By LOUISE CARR, Associate Editor and Featured Columnist
While Americans tend to chow down on a full breakfast of eggs and bacon with home fries or pancakes, the Europeans do it a little differently. And by making different breakfast choices, including enjoying the continental breakfast, they may actually live longer.
You’ve probably come across the term "continental breakfast" in the “extras” for your hotel stay – but what exactly does it consist of?
And is it true that a continental breakfast is a healthier breakfast, helping you actually live longer and enjoy greater wellbeing?
What Exactly is a Continental Breakfast?
The continental breakfast generally refers to a breakfast with bread rolls or sliced bread, butter and jam, cheese, perhaps some sliced meats, croissants, and pastries, washed down with fruit juice, coffee, or tea. It does not usually include cooked eggs or meats like bacon, and there are no fried potatoes or pancakes with syrup.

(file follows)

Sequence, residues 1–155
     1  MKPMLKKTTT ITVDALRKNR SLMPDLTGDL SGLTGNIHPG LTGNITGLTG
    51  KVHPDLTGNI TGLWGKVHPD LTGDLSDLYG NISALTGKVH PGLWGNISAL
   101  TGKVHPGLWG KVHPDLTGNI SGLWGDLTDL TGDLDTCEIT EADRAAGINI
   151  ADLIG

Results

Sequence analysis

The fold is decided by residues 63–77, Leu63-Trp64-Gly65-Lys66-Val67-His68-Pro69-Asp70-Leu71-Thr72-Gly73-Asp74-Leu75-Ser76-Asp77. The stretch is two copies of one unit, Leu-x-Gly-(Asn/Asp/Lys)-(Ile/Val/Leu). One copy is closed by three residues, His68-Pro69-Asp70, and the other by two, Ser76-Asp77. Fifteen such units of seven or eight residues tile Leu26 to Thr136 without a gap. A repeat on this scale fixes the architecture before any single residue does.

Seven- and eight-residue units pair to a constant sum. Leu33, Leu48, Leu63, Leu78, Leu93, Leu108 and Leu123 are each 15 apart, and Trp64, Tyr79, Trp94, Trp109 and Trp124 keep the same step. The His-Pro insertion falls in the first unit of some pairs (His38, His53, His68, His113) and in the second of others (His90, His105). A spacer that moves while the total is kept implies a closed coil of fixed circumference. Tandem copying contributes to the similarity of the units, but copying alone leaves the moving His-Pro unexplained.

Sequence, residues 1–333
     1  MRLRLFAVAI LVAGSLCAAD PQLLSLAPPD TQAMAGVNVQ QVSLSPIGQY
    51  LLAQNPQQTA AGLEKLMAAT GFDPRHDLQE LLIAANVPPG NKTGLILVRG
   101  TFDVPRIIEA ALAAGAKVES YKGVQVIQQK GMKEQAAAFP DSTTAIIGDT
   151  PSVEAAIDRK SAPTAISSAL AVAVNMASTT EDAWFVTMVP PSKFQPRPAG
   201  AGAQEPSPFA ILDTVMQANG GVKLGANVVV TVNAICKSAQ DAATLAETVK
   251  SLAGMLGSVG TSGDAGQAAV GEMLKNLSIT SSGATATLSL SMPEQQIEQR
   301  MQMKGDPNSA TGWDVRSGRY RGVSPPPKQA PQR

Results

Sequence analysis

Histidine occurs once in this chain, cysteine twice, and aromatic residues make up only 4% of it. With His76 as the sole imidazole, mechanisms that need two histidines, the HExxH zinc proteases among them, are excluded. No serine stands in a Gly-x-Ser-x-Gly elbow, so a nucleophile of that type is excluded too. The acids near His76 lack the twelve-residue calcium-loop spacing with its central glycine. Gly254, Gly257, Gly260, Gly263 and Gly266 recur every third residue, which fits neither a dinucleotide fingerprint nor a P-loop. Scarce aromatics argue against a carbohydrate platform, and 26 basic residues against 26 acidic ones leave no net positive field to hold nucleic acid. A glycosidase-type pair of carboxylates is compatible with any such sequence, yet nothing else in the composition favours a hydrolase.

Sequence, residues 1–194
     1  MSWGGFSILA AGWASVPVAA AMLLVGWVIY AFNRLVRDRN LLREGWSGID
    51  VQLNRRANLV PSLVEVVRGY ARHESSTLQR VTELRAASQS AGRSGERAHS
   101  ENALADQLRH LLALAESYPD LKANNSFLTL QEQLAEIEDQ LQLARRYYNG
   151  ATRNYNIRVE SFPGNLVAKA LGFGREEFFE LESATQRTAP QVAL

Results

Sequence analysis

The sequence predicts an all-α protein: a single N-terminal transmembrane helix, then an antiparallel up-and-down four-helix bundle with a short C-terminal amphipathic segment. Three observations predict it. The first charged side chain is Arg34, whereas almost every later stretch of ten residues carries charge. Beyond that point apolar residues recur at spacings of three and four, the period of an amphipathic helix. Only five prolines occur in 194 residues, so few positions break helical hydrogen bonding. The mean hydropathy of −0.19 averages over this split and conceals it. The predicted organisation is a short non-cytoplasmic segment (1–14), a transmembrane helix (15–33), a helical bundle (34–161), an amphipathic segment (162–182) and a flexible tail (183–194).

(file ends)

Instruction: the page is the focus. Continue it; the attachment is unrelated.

Continental Breakfasts: Do They Help You Live Longer?
The Centers for Disease Control and Prevention compared its death rates in 2012 for US residents and those people living in developed European countries. They found that on average, men and women in the US lived 2.2 fewer years than residents in similar countries.
Why is this? Could it be down to breakfast choices?
It’s hard to say whether a breakfast makes a big difference in terms of longevity. Research has been done into how the Mediterranean diet helps people live longer.
For example, a 2009 study from the Harvard School of Public Health in Boston, Massachusetts shows how certain foods within this diet affect longevity, and these include not eating much meat, eating more fruits and vegetables, and consuming olive oil.